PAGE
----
Student project looks to save, chronicle the voices of WWII veterans
By MARTIN KUZ | STARS AND STRIPES Published: April 11, 2015
Running bombing missions over Germany in the last months of World War II provoked a fight or flight dilemma for young Jim Kavanaugh.
“Sometimes over a target you’d think, ‘I don’t like this. I don’t think I’ll do anymore,’” said Kavanaugh, who in 1945, at 19, served as a radio operator on a B-17 Flying Fortress.
His was a natural reaction to the perils posed by German anti-aircraft fire and fighter planes. At the time, U.S. crews volunteered for missions and, in theory, could choose to ground themselves. But to drop out of the flight rotation was to risk ridicule and ostracism from fellow airmen, a fate most of them considered worse than getting shot down.
So by the time his bomber landed safely at its base in England, Kavanaugh found his reluctance dissolving, his resolve returning. “You felt like, ‘One more — I could do one more,’” he said.
Kavanaugh, now 89, recently recalled that wartime anecdote in a video filmed by students at the University of Virginia who have launched an oral history project to chronicle the stories of WWII veterans.
The students are working with ParadeRest, a nonprofit organization in Charlottesville, Va., and supported in part by the university. The group seeks to fortify ties between area communities and military members, veterans and their families.
Greg Saathoff, a member of ParadeRest’s board of directors, conceived the project with the dual purposes of preserving the voices of WWII veterans and closing the gap between the so-called “greatest generation” and Millennials.
“The accounts of those who served in the war are important, and we’re losing more of them as each year goes by,” said Saathoff, an associate professor of research in the university’s school of medicine and a former member of the Army Reserve.
“Once they’re gone, we crave what they could have told us. This project is a way to make sure we save their stories for this young generation and future generations.”
For Tyler Kernodle, a first-year student, talking with Kavanaugh provided a chance to converse with history.
“Hearing someone describe what it was like to be there — that’s how you really learn,” she said. “You don’t get a full sense of the experience when you’re reading a textbook or watching a movie.”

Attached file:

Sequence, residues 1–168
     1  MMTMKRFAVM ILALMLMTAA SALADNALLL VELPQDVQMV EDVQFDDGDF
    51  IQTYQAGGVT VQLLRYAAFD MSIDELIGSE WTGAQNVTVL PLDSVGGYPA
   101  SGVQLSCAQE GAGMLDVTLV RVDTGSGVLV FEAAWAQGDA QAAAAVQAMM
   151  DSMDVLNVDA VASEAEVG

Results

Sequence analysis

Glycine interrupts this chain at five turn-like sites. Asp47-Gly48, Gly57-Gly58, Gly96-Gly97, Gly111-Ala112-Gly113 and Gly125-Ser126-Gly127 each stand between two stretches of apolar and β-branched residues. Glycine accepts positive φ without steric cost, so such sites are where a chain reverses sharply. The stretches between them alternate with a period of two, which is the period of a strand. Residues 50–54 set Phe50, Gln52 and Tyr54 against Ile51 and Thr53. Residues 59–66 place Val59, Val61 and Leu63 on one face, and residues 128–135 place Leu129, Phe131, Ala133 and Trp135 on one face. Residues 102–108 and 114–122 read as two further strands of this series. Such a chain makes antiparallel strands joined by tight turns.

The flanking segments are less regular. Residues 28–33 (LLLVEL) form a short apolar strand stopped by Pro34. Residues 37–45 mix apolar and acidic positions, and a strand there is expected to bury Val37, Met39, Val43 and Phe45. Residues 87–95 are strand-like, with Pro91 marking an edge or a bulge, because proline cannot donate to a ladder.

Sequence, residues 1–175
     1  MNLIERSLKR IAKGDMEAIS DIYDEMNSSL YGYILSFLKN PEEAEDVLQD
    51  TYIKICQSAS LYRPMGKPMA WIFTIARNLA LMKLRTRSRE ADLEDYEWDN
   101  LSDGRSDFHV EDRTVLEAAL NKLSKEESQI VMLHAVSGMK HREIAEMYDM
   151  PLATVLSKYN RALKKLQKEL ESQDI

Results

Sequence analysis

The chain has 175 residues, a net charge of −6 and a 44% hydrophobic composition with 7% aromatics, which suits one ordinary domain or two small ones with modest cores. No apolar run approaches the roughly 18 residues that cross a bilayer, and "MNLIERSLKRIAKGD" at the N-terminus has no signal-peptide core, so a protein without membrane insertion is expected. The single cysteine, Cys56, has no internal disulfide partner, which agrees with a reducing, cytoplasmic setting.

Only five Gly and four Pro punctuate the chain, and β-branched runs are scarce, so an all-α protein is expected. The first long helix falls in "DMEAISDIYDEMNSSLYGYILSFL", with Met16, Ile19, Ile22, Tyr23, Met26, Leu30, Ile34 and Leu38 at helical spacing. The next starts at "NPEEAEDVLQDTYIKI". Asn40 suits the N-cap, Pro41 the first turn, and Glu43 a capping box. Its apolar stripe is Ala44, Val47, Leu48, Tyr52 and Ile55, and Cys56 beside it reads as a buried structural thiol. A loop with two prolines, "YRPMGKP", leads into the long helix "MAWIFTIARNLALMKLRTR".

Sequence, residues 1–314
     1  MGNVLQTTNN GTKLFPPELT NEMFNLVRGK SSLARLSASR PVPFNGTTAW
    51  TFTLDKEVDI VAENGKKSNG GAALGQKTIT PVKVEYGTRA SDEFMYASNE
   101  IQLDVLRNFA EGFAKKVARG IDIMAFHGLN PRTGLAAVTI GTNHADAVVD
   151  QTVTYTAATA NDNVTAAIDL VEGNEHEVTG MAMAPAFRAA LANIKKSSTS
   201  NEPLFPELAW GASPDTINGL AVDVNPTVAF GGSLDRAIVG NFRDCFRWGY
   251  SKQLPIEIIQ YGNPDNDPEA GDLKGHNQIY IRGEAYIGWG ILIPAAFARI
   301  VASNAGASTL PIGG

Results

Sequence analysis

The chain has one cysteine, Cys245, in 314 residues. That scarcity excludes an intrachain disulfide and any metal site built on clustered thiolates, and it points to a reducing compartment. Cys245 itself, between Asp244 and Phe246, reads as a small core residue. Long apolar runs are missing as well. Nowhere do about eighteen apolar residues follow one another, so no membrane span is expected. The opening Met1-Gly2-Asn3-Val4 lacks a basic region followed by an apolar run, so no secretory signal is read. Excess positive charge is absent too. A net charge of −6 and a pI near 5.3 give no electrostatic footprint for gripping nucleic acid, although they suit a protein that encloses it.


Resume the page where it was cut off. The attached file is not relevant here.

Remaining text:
In turn, for Kavanaugh, describing his time in the skies above Germany offered an opportunity to demystify the “greatest generation” label and present himself as the ordinary teenager he was back then.
“Because war is treacherous and dangerous and adventurous, there’s a tendency to think we were special, but we never called ourselves ‘the greatest’ anything,” said Kavanaugh, a retired child psychiatrist who lives in Crozet, Va.
“We were a lot like young people today; we just happened to find ourselves in a war. By telling our experiences to them, we can show we’re approachable and the things we had in common with them.”
Saathoff and the project’s student organizers have embarked on a Kickstarter campaign to raise $8,825 by Thursday to fund their efforts. Dubbed “A Nickel For Your Story” — a reference to the value of a nickel in 1945, when it could buy a cup of coffee or a newspaper — the campaign would pay for audiovisual equipment and archiving of material. Copies of the recordings would also be submitted to the Library of Congress for its Veterans History Project.
If the Kickstarter push falls short, Saathoff has pledged to search for other funding sources. Beyond the operating costs, Katrina Johnson, a second-year student, considers the project as priceless as it is timeless.
“To hear the stories of veterans helps you understand how their experiences in war have an impact throughout their lives,” she said. “As civilians, we won’t have those experiences, so we need to listen to them to understand the consequences of war.”
Running bombing missions over Germany in the last months of World War II provoked a fight or flight dilemma for 19-year-old Jim Kavanaugh. "Sometimes over a target you'd think, 'I don't like this. I don't think I'll do anymore.'" Kavanaugh, now 89, served as a radio operator on a B-17 Flying Fortress. He told his story in a video filmed by students at the University of Virginia in conjunction with ParadeRest, a nonprofit organization in Charlottesville, Va., supported in part by the university.
COURTESY OF PARADEREST